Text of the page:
Taste and correct the seasoning.

This is perfect comfort food.

At this point, you could eat the soup. But I highly recommend that you pour it into a covered glass container and refrigerate it for 24 hours before eating. It improves quite a lot that way.

Saturday, December 11, 2010

Wednesday, December 8, 2010

Chicken Pot Pie - Worthy of company!

Oh, how I wish you were all here... we just ate some of the most heavenly chicken pot pie. I made up the recipe, and want to share it with you. (3/4 of the pie is left. So if you hurry right over, you might get a piece while it's still warm and fresh.)

When my husband and I were first married, money was very tight and one of our staples was store-bought chicken pot pie. In those days, one little single serving pie cost 15 cents. When it went up to 30 cents, we quit buying them. As I said, money was a bit scarce. But we've always loved chicken pot pie and we were talking about it yesterday. Unless I was desperate, I wouldn't eat one of those now, but our conversation made me want some. Here it is after we served ourselves:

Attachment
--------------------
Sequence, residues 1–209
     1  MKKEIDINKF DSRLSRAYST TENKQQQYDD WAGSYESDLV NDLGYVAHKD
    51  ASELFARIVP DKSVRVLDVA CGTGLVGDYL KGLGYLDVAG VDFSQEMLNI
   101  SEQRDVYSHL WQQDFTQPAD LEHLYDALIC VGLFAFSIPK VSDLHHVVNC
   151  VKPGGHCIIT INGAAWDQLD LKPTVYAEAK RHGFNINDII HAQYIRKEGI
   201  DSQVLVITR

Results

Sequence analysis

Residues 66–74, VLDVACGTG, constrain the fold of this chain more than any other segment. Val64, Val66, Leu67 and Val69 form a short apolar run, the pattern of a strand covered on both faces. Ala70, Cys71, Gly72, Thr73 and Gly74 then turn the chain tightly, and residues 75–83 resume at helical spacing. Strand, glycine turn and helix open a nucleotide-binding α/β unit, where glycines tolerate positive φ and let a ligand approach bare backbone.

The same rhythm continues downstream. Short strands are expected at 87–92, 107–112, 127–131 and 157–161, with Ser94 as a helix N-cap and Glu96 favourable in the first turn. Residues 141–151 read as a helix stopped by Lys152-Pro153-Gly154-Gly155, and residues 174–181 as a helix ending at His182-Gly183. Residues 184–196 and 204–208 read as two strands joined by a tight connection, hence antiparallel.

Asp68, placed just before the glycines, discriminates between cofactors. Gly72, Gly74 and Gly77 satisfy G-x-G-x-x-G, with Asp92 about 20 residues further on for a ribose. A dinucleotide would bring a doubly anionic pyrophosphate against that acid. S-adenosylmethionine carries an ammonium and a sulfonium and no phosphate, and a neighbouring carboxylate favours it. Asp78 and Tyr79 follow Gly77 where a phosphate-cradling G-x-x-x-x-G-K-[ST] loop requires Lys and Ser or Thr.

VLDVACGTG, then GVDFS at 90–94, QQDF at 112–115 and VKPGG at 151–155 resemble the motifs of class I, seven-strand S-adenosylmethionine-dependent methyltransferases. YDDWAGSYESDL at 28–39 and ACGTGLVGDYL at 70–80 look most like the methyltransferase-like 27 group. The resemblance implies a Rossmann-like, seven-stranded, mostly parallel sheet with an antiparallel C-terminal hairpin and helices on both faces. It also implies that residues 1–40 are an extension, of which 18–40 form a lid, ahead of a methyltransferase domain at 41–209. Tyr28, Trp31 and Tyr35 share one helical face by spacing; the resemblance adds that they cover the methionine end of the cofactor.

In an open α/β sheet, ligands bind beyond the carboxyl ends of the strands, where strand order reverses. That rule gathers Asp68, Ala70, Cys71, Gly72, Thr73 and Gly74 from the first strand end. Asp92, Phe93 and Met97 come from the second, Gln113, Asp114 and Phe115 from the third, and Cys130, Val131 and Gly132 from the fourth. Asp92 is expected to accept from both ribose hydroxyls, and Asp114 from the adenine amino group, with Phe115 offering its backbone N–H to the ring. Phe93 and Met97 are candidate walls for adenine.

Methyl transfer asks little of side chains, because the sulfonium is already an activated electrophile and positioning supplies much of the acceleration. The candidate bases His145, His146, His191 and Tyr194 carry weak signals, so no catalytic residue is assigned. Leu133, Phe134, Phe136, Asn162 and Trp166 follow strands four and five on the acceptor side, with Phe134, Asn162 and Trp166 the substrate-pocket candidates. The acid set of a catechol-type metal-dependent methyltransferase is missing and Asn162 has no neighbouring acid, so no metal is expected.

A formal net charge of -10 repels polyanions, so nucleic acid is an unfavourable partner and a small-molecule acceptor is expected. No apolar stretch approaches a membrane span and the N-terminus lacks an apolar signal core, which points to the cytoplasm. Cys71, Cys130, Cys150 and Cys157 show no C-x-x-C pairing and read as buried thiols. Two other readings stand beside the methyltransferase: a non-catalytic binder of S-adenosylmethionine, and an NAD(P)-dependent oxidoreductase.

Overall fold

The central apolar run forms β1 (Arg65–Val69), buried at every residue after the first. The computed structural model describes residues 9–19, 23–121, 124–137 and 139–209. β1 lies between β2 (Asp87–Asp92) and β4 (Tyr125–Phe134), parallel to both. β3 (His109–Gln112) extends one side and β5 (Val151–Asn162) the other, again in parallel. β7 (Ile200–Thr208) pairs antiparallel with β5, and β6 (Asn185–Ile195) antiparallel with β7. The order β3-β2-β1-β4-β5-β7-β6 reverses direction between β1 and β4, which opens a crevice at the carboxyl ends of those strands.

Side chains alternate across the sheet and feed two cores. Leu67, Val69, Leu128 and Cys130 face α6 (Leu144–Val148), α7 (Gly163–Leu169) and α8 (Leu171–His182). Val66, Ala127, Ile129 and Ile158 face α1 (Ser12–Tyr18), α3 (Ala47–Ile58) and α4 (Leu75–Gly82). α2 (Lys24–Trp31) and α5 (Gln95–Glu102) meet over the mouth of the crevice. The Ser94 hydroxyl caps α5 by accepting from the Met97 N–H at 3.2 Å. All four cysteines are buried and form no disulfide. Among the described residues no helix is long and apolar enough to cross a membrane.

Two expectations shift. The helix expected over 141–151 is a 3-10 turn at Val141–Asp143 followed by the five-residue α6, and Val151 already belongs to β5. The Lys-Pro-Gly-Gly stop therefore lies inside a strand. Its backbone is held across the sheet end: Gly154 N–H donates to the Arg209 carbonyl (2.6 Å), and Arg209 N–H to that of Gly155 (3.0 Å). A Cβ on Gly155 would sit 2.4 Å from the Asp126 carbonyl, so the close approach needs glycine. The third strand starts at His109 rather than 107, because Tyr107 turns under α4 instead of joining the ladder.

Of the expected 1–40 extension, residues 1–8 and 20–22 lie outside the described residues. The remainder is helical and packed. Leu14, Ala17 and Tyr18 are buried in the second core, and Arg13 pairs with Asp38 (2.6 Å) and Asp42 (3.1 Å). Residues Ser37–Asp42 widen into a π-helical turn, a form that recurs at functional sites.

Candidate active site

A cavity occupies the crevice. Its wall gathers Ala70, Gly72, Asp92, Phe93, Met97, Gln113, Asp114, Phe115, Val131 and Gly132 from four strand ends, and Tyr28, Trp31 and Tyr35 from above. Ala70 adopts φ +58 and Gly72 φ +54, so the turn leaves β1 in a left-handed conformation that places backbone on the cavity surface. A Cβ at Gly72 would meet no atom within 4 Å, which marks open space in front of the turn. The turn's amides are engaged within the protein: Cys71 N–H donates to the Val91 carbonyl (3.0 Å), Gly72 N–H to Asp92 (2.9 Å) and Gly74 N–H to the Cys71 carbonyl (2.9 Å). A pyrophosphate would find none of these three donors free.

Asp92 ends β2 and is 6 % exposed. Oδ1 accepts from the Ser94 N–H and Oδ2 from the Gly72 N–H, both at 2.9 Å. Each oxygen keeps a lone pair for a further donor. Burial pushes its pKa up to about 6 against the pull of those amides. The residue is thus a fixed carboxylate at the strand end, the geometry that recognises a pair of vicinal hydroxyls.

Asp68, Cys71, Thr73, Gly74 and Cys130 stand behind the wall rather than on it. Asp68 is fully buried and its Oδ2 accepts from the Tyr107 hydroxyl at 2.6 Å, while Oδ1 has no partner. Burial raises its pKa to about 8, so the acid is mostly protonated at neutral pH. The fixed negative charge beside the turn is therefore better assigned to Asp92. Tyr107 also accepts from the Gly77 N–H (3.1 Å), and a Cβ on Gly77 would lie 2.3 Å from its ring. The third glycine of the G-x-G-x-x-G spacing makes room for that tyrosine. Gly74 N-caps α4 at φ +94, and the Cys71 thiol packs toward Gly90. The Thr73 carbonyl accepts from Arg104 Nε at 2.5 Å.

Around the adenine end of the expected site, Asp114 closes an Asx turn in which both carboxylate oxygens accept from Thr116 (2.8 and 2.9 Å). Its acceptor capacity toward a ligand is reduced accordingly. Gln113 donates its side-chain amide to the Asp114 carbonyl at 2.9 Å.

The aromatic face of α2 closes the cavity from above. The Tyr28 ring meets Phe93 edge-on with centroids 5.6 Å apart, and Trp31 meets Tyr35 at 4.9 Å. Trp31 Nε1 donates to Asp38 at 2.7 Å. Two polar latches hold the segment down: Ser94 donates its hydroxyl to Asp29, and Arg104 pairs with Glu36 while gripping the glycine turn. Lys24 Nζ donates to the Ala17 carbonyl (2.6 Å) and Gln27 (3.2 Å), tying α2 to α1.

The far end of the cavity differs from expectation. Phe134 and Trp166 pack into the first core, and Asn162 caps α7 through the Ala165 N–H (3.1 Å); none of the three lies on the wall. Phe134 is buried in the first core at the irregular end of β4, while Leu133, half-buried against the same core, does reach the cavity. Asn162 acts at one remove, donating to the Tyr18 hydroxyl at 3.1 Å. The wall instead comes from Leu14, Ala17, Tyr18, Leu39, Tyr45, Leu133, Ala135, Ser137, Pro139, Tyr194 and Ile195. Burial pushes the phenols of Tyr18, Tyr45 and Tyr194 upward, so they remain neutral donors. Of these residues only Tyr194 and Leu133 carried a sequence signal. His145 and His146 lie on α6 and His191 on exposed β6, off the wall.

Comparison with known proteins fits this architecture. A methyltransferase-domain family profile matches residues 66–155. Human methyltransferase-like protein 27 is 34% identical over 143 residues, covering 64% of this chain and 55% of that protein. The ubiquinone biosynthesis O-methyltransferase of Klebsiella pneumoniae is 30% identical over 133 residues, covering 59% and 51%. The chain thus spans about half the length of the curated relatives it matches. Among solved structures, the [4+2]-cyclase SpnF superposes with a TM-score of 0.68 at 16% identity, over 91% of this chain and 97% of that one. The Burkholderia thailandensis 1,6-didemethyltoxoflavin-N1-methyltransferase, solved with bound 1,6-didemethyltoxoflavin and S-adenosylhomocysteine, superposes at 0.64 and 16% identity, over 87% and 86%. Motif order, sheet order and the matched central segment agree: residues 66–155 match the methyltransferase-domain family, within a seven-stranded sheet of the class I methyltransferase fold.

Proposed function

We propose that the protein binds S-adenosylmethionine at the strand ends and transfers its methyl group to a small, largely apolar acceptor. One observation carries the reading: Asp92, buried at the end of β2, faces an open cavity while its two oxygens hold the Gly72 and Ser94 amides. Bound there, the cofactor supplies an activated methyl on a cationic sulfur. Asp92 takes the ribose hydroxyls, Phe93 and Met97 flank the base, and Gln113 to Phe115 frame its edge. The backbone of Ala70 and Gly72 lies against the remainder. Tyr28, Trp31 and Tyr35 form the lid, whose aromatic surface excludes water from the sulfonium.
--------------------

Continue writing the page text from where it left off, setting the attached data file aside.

A closer look at the filling:

Here you can see the edge of the crust:

Ok, so lets see if I can remember!



2 cups diced cooked chicken meat
1 carrot, peeled and diced
1 medium white potato, peeled and cut into small cubes
1 small can of mushrooms, drained and sauteed briefly in 1 Tablespoon of butter
1 pint of home canned corn, boiled for 7 minutes and then drained
Most of a batch of homemade cream of chicken soup (recipe below)


2 1/2 cups white flour
1 teaspoon sea salt
1 cup extra-virgin coconut oil

Place those three ingredients in the bowl of your food processor and pulse until nicely mixed together, then start adding, a little at a time:

Cold whole milk

Add a little milk, pulse, add a little more, pulse until the ball of dough comes together, then remove from processor and divide in two portions. Roll out on a floured surface and put the first crust into your pie pan. Reserve the other portion until you have the filling ready.